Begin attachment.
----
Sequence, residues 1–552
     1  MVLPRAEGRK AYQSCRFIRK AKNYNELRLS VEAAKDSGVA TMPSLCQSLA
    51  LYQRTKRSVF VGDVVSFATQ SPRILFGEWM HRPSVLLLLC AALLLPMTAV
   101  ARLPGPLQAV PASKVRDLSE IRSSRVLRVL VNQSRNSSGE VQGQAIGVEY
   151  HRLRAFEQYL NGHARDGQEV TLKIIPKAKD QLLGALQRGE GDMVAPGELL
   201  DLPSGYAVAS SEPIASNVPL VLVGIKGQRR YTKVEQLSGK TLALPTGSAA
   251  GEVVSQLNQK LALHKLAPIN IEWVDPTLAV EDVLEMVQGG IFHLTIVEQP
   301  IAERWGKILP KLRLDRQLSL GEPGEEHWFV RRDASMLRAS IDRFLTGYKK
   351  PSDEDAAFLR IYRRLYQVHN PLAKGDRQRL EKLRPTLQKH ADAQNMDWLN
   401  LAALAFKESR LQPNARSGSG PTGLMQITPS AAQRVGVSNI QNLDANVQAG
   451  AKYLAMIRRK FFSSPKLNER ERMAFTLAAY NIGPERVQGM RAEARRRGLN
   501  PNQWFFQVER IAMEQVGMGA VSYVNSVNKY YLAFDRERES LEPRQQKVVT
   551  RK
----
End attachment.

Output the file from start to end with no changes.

Sequence, residues 1–552
     1  MVLPRAEGRK AYQSCRFIRK AKNYNELRLS VEAAKDSGVA TMPSLCQSLA
    51  LYQRTKRSVF VGDVVSFATQ SPRILFGEWM HRPSVLLLLC AALLLPMTAV
   101  ARLPGPLQAV PASKVRDLSE IRSSRVLRVL VNQSRNSSGE VQGQAIGVEY
   151  HRLRAFEQYL NGHARDGQEV TLKIIPKAKD QLLGALQRGE GDMVAPGELL
   201  DLPSGYAVAS SEPIASNVPL VLVGIKGQRR YTKVEQLSGK TLALPTGSAA
   251  GEVVSQLNQK LALHKLAPIN IEWVDPTLAV EDVLEMVQGG IFHLTIVEQP
   301  IAERWGKILP KLRLDRQLSL GEPGEEHWFV RRDASMLRAS IDRFLTGYKK
   351  PSDEDAAFLR IYRRLYQVHN PLAKGDRQRL EKLRPTLQKH ADAQNMDWLN
   401  LAALAFKESR LQPNARSGSG PTGLMQITPS AAQRVGVSNI QNLDANVQAG
   451  AKYLAMIRRK FFSSPKLNER ERMAFTLAAY NIGPERVQGM RAEARRRGLN
   501  PNQWFFQVER IAMEQVGMGA VSYVNSVNKY YLAFDRERES LEPRQQKVVT
   551  RK